Quarantine Diaries is a communal project of stories from our readers about how they are managing their lives during the coronavirus crisis. In this piece, readers share how they are spreading joy within their homes and communities. You can read the five-part project here.

We took all the extra time to reflect and spend it in a way that had a positive impact on our lives. We converted a portion of our living room into a makeshift studio. And we spend countless hours here every day. It is the highlight of our day, exchanging ideas, crafting, painting, creating, having fun productively and experiencing a creative flow that keeps us happy and going. It is our comfort zone and helps us express who we are.

A tiny conversation with our mom led us to create a fundraiser, Art from the Heart, for the Akshaya Patra Foundation, a nonprofit in India that provides freshly cooked meals to school-going children and are helping the needy in the wake of COVID-19. My mom created the fundraiser on her Facebook profile, and we added photos of all the paintings we have created so far.

Sonali Patodia, 42, from San Jose, California. Her 11½-year-old daughter, Ahanna, and 9-year-old daughter, Anousha, created the paintings above.

I turned 21 in quarantine on April 5. A week later, my sister turned 17. We’re both part of the class of 2020. I am a graduating college senior, and she is a graduating high school senior. We’re feeling the pains of this loss along with all other graduating seniors. But somehow, we managed to make both our birthdays the most memorable we’ve ever had. For my birthday, she took me on a drive-thru scavenger hunt downtown commemorating major milestones in my life. For hers, I designed an indoor unicorn-themed escape room for her to solve. Without quarantine, we likely would not have been as present with each other as we were on our birthdays. The undivided attention we gave each other made it unforgettable.

Eliza Tan, 21, from Charlotte, North Carolina

I comic everything on my Instagram page, from my struggle juggling work from home to homeschooling my 5-year-old to the much-needed teletherapy sessions to my candid musings over the news to my gratitude to all the health care workers. Drawing comics about my experience has been my outlet during this strange time. It’s how I am coping.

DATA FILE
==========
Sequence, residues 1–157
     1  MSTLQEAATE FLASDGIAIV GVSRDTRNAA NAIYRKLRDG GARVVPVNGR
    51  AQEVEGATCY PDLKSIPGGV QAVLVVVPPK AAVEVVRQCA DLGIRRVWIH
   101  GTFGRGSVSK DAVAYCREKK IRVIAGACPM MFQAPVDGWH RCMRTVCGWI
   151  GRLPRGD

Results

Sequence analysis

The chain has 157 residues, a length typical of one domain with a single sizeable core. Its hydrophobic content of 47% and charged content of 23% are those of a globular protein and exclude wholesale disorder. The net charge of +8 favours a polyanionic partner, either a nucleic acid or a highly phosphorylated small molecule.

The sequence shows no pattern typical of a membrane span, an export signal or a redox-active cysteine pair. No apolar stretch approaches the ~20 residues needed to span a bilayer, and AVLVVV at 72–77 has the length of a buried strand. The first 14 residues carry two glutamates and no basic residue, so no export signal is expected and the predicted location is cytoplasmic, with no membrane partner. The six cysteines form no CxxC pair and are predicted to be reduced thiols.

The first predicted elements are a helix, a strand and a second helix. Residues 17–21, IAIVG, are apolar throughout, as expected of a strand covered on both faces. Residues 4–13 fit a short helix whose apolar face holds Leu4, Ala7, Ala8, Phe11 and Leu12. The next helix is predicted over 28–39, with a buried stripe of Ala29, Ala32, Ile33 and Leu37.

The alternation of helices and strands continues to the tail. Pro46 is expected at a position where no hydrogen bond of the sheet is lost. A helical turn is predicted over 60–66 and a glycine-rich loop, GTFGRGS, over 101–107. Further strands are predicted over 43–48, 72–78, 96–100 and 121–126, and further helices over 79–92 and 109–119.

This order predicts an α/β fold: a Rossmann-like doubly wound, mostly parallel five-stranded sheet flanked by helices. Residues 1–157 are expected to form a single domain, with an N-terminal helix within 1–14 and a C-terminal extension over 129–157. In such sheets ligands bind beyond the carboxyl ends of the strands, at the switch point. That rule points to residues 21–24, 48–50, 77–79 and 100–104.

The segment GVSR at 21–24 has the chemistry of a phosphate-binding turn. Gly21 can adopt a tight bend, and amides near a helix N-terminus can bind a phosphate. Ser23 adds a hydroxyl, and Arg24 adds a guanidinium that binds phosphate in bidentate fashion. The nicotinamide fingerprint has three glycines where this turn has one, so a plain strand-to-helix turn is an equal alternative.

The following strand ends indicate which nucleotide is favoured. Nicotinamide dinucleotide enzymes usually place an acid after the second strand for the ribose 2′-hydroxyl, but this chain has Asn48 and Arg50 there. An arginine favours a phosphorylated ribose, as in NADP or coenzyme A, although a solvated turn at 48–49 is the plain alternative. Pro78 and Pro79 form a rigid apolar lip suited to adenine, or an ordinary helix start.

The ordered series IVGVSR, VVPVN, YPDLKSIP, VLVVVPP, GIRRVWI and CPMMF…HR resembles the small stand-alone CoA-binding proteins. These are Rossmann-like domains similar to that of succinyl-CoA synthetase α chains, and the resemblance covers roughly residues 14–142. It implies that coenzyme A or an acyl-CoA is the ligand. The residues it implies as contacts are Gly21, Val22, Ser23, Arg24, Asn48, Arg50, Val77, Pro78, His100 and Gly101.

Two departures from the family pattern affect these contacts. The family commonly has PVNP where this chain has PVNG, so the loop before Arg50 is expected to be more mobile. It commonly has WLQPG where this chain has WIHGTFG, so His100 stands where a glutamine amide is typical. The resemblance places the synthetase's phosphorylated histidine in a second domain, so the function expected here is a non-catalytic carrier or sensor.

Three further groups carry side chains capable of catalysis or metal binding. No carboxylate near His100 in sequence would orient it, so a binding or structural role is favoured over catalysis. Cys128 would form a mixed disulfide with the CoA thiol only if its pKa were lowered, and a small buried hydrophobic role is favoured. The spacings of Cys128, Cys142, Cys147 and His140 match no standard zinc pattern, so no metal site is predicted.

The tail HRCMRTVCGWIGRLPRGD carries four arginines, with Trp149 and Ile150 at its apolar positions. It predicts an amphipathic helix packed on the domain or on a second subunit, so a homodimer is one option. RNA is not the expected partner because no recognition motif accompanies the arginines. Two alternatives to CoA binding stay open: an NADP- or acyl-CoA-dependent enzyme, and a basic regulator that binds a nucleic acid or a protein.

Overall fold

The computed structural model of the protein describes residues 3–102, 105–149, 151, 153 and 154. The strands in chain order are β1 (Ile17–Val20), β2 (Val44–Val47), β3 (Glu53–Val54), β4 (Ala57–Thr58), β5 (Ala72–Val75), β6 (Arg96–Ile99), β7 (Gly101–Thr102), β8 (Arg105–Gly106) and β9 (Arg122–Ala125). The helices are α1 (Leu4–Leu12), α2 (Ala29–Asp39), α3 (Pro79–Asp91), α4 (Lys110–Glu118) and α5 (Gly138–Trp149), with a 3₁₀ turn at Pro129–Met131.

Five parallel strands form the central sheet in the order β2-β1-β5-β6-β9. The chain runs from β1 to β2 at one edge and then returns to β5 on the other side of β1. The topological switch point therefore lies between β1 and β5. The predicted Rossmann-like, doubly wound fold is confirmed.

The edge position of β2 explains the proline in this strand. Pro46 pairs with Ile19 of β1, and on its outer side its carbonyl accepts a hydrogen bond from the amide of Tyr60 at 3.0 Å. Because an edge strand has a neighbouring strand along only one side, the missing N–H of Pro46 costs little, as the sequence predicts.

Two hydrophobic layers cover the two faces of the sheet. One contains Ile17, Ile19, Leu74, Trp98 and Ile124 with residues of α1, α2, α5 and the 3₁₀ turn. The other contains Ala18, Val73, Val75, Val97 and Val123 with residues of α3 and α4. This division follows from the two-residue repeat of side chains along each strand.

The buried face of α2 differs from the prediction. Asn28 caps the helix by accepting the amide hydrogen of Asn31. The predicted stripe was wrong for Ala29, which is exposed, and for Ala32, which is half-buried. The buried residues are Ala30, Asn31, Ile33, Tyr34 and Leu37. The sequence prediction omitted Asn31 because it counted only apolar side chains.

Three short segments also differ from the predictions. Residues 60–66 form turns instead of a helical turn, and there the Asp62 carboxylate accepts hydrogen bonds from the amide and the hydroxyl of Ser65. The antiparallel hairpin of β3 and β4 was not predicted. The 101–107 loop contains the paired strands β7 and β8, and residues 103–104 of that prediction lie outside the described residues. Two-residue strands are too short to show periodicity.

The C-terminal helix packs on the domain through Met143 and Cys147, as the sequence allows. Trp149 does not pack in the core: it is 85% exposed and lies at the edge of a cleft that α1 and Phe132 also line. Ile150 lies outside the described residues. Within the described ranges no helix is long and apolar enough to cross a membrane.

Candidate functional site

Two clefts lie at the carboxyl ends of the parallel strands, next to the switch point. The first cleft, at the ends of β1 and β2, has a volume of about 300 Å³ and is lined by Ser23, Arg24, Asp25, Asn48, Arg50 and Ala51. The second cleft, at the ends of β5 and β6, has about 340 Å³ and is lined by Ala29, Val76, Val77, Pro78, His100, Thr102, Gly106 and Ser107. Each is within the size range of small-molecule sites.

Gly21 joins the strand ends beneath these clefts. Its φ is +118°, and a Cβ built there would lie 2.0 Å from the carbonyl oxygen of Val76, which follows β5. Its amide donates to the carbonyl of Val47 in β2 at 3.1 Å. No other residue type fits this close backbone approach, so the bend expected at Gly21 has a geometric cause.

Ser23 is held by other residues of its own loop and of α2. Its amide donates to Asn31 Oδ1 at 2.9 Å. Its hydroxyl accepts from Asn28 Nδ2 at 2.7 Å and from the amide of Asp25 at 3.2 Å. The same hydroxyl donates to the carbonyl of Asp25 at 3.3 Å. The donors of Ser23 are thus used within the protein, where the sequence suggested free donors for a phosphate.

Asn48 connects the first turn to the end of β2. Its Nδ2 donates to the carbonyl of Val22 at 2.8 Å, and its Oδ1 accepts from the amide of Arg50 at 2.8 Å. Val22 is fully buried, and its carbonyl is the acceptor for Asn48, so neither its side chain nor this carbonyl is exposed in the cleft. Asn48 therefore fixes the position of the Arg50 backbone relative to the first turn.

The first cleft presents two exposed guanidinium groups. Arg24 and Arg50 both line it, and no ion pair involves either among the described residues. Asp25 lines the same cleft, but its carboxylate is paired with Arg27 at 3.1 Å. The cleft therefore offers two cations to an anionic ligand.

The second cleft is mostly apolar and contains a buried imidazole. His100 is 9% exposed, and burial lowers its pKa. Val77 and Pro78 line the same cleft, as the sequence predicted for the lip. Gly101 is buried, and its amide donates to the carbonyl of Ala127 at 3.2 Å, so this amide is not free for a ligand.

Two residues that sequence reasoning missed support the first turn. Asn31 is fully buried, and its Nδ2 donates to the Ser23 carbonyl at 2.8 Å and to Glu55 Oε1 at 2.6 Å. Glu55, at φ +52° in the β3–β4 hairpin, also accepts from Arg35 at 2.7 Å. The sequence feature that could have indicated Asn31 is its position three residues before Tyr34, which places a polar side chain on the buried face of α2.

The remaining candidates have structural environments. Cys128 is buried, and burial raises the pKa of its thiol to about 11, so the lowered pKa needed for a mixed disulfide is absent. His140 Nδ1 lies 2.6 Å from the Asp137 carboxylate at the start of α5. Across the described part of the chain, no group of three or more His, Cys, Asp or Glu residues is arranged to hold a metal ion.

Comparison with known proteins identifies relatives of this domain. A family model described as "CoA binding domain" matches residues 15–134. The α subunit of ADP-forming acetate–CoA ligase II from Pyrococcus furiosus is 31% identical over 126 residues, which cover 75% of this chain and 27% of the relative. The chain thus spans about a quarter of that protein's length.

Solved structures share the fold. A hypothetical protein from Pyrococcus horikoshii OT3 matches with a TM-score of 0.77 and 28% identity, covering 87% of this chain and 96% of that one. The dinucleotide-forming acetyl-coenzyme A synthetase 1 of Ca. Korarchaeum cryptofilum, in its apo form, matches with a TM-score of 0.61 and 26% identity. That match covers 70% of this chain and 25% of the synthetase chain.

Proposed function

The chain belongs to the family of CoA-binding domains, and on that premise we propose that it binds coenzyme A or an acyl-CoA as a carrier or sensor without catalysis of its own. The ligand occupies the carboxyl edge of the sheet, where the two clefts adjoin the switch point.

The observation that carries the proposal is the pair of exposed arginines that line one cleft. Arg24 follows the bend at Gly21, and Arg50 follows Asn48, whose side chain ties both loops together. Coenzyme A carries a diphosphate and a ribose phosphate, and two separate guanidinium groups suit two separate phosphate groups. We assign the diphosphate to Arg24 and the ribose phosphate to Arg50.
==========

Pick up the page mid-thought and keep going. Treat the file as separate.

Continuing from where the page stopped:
Lisa Lim, 45, from Queens, New York

What do you do when you have no children and are locked down in your home? You get a hold of some of your improv friends and create a YouTube channel where a new story or poem is read by a different character every day to amuse and entertain other people’s children.

Brett “Fish” Anderson, 46, from Cape Town, South Africa

Our son Zeke was an inflatable chicken for Halloween this past year. During quarantine, with all of the neighborhood walks we’ve been taking, Zeke decided the chicken would bring joy to the neighbors and especially to the small kids in our area.

Suzanne Karp, 52, from Santa Rosa, California

I started these posts on Facebook and got such a positive, fun response I kept thinking up quarantine frustrations and posting about them.

I think these posts put a bit of humor into the everyday accounts of “working from home,” and many of us are doing it while our spouses are doing the same.

We pretty much are all going through the same experiences. I just put it on Facebook for my friends to share in the laugh. They laugh because they recognize themselves in many of the posts and they can laugh along. I hope you have a laugh, too.

KaDee Thompson-Small, 57, from Fairview Heights, Illinois

There are some children in Missouri City, Texas, who want to spread some kindness to children in their city. Khloe, Kaiya and Aiden are students in Fort Bend ISD [Independent School District], and they have big hearts. They wanted to do something special for other children during this stay-home period. They are giving away more than 100 new books to children. Khloe started a project called A Book and a Smile, and she has given more than 5,000 books to groups and organizations. They are saving their money to buy more books and a little library. We are sure these books will put a smile on lots of children’s faces.

Billye Moutra, 64, from Missouri City, Texas

We are a 30-member Episcopal church in the hills of northwest Connecticut currently without a priest. To keep us connected, informed and entertained during the pandemic, I began a daily two- to three-page newsletter to circulate to our members. Our daily email list has grown to over 110, with readers in England, California, Florida and Georgia. People seem to love it: “It’s a lifesaver,” writes one. “The best part of my day,” writes another.

Bill Starr, 79, from Litchfield, Connecticut

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